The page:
Hey, I'm PDT, so it's only just past midnight. And here I thought I'd be finished with this about six hours ago.... Reply
  • poohbear - Thursday, March 17, 2011 - link

    hello, can you guys please list the price or price segment of the product u're reviewing from the get go? Do i really hafta scroll all the way to the back to get an idea of what the price range is, or if its a waste of time reading the article cause its out of said price range? U're constantly saying it costs more or this costs less, but there's no clear cut price easy for us readers to see. A comparison of similar products would be great too, in a clean easy to understand graph please and thank u! Reply
  • JarredWalton - Thursday, March 17, 2011 - link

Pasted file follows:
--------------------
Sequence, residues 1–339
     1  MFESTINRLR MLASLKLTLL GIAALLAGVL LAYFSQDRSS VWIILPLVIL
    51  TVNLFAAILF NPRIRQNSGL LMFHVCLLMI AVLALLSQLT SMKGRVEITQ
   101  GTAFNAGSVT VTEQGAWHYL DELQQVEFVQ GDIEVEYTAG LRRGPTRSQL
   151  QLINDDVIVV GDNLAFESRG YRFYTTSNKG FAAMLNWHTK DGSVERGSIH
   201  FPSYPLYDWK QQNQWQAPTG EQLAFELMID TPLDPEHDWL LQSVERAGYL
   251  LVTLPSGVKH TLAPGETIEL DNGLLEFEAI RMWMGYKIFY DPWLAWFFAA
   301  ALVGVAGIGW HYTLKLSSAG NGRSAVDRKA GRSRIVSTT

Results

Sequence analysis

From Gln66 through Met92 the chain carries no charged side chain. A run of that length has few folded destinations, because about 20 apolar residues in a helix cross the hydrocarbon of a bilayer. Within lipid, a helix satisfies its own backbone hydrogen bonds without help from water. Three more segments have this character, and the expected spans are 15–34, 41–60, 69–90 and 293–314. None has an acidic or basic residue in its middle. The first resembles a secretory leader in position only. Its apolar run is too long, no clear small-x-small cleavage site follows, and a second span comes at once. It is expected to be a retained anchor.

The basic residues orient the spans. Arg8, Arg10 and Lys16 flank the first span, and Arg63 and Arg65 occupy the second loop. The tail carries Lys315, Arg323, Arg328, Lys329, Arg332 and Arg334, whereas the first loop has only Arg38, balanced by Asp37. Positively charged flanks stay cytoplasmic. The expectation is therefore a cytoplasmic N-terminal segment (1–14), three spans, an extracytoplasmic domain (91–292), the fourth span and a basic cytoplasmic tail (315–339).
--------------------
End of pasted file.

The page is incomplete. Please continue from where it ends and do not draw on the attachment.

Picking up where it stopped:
Page one, bottom of the spec table, in bold. Was that not clear enough? Reply
  • chrnochime - Friday, March 18, 2011 - link

    Bottom of the spec like Jarred said. Need that to be 3 or 4 larger font size? Reply
  • jcompagner - Thursday, March 17, 2011 - link

    And then for SandyBridge?

    If only 1 17" is made with a 1920x1200p resolution on this planet that is not from apple, i would buy it immediately..
    Reply
  • piroroadkill - Thursday, March 17, 2011 - link

    Well, the Dell Precision M6500 has a 1920x1200 screen, 17".. and was reviewed on Anandtech.

    But it's not Sandy Bridge yet. I'd imagine a good supply of new Sandy Bridge chipsets aren't common, but I'd have no doubt at all Dell will do a refresh on their Precision line with Sandy Bridge at some point in the near future. It also looks about a million times better than the Clevo stuff, which looks like a ghetto kit machine.